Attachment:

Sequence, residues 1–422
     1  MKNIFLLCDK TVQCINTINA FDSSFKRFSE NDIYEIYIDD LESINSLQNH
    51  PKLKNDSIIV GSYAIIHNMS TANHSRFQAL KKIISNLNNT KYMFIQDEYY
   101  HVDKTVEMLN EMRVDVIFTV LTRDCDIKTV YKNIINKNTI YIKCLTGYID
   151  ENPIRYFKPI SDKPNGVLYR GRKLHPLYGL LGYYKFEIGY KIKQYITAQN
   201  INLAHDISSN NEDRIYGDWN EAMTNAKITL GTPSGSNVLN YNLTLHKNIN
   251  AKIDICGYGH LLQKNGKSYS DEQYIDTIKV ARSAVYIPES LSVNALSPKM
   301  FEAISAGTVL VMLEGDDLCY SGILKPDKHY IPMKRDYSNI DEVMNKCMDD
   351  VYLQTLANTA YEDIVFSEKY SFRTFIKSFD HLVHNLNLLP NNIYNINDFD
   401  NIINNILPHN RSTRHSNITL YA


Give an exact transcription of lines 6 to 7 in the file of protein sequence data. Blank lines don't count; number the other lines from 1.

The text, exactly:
   201  INLAHDISSN NEDRIYGDWN EAMTNAKITL GTPSGSNVLN YNLTLHKNIN
   251  AKIDICGYGH LLQKNGKSYS DEQYIDTIKV ARSAVYIPES LSVNALSPKM